Digital transformation is happening not only in the economy but in politics, society and education as well. With advances being made in the field of artificial intelligence and with the 4th industrial revolution underway, a completely different understanding of the way we work and learn is developing.
In the future, everything will be networked with everything; new business models, products and services are therefore required. This change is non-linear – and for a simple reason, too: in a networked system, the possible connections increase exponentially in accordance with the number of nodes. The transparency usually provided by cause and effect is lost in the complexity. Changing a node or connection can trigger a network reaction.
What impact does the growing complexity of new networks have on the way we work and learn?
Networking among specialized areas and companies continues to increase as the networking of products and services continues. Traditional corporate structures and management models are no longer effective. New interfaces are created through the networking of specialized areas; these interfaces make it possible to act more flexibly and in a more goal-oriented manner. In the foreseeable future, this primarily will not be a question of systemic-technical interfaces, but a question of communicative interfaces in interdisciplinary exchange. Therefore, more questions are posed than only that of the development and use of intelligent software and smart technology; the focus is rather on corporate culture and the role of the employee in a changing work environment. When dealing with complex structures and networks, companies’ human resources departments can look back on many years of experience. Companies can build upon these experiences in order to meet the challenges of digital transformation.
We are moving from an “economy of scale” to an “economy of choice.” Products are manufactured according to individual needs. Mass customization brings to the market a wide range of products tailored to different environments. For the customer, this means individualization, whereas for the entrepreneur it means flexibility in production and a higher complexity in regard to technology, operation and the maintenance of machines or robots. If problems arise in this environment, interdisciplinary solutions are required – and thus experts who can meet on short notice and who are able to work together under time constraints as a team. Interdisciplinary training and modular specializations are therefore becoming increasingly important for companies.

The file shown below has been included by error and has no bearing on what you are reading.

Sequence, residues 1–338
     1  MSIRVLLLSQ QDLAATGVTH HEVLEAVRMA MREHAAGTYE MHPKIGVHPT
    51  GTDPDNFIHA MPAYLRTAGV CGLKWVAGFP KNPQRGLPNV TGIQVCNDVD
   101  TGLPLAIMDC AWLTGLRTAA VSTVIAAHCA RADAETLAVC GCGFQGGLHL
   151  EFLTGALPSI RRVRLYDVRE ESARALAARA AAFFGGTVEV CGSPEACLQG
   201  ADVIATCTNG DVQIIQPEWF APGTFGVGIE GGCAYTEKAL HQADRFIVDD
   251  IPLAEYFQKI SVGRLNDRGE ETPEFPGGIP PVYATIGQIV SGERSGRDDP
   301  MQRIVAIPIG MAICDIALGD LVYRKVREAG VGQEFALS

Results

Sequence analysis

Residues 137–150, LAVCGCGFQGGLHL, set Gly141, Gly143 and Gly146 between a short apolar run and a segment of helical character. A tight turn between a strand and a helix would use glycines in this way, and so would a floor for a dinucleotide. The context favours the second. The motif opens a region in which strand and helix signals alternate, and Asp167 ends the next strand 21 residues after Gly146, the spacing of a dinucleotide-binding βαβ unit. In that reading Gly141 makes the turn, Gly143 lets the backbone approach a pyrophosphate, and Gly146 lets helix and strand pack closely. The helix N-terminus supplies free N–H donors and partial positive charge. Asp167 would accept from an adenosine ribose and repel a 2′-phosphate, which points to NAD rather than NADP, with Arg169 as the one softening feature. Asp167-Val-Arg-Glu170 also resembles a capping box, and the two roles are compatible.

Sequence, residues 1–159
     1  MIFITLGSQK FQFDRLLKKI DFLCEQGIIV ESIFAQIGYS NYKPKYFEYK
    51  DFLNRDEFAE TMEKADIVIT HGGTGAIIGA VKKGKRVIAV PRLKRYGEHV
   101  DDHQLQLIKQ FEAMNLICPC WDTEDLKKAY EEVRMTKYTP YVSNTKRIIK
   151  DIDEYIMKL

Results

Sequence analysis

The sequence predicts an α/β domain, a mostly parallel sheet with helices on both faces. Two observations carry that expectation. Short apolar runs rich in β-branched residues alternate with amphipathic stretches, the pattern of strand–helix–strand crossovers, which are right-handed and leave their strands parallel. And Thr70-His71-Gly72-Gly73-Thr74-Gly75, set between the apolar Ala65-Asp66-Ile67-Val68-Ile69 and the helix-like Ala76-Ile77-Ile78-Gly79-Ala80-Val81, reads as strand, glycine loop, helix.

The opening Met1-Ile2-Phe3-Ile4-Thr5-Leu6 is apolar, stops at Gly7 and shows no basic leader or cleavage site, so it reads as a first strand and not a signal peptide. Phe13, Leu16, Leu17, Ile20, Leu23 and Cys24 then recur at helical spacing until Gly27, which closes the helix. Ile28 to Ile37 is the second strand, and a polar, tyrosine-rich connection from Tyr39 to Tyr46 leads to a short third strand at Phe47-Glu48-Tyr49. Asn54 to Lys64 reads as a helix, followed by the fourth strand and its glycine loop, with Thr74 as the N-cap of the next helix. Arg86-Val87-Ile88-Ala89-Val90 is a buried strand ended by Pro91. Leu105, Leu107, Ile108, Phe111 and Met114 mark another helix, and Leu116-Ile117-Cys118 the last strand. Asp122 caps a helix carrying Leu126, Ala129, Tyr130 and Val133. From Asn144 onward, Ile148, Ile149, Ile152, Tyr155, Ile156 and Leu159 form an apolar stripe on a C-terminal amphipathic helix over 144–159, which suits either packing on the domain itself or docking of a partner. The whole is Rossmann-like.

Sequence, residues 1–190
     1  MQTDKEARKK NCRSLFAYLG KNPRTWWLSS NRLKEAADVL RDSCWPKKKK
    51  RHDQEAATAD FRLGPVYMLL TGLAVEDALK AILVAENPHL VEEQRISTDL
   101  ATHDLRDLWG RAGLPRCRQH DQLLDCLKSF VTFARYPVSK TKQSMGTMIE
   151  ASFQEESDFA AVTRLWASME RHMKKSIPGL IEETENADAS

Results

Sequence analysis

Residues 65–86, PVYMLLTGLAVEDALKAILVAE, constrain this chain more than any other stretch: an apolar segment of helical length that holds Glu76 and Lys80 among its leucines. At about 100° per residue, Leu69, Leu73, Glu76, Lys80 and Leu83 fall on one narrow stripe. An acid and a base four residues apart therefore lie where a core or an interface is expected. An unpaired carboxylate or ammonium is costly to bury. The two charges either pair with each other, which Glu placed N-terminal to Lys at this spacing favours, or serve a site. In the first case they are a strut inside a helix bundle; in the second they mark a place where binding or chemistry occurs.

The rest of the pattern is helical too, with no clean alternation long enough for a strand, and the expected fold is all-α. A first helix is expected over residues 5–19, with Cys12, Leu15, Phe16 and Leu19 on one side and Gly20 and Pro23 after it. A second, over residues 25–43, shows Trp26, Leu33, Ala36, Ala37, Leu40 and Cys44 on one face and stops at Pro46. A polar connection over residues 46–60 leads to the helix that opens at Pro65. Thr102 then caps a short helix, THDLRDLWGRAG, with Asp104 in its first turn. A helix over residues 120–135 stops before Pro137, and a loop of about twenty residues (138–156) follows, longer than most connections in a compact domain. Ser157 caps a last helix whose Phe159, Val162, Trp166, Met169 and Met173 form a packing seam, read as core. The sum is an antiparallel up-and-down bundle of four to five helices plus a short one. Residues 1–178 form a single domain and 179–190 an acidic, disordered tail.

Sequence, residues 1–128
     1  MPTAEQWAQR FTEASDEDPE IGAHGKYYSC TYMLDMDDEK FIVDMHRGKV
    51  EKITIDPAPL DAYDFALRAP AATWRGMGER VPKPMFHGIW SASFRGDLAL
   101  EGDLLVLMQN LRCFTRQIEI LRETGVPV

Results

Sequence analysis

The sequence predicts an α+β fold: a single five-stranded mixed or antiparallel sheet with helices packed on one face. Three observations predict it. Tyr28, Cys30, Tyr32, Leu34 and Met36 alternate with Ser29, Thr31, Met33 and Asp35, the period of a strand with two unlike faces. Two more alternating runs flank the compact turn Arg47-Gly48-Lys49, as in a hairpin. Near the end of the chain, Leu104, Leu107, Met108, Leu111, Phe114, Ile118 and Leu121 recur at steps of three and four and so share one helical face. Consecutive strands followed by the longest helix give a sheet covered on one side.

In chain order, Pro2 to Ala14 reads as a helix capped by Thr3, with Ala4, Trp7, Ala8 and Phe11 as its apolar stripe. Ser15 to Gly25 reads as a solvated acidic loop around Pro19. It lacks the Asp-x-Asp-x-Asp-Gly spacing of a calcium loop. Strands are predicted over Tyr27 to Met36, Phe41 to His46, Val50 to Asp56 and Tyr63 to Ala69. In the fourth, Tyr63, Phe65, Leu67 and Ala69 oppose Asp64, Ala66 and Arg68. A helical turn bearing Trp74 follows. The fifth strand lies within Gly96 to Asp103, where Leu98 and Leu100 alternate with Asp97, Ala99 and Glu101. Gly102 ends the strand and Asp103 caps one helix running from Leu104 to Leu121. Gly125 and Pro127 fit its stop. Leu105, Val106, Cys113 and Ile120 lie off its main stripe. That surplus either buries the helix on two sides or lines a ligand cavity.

According to Gartner Inc., one-third of today’s jobs will be replaced by smart machines by 2025 (gartner.com). Innovative services and products in other areas create completely new fields of work for which specialized personnel are needed. What are the socioeconomic challenges facing us with this scenario? In terms of efficiency, humans lag behind the physical and technical possibilities of intelligent machines and robots. However, humans – at least for the foreseeable future – will be the only ones who can promptly help with technical possibilities. The key to the new fields of work is the human ability to link analytics and creativity.
What values and models strengthen a company? Which competencies give employees safety and the freedom to be creative? In the coming generation, factors such as curiosity, interest, personal responsibility, the importance of the scope of duties, enthusiasm and challenges will play an important role; these will increasingly replace traditional work incentives such as pay, status and prestige. Working and learning in collaborative teams, openness to change, and the ability to develop solutions and methods are key competencies that are crucial for effective corporate culture. Technical affinity, networked thinking and the agile combination of different competencies lead to new business models, products and services that can be decentralized within the company.
In many companies, the foundation for this has already been laid through the implementation of restructuring efforts and a constructive approach to mistakes, and an increase in both transparency and the freedom to be creative. In secondary education, a new learning culture is being established with the introduction of learning models such as “phenomenon-based learning.” Topics are explored holistically by a team, starting with the presentation of the problem. Information is formed in a social context.
Intrinsic motivators such as curiosity, personal experience and sharing are at the forefront. Knowledge is ultimately the result of what is experienced during the discussion of a topic. The learner is not “educated” in the traditional sense, but takes on the role of “knowledge architect.”
Stay tuned for Part Two.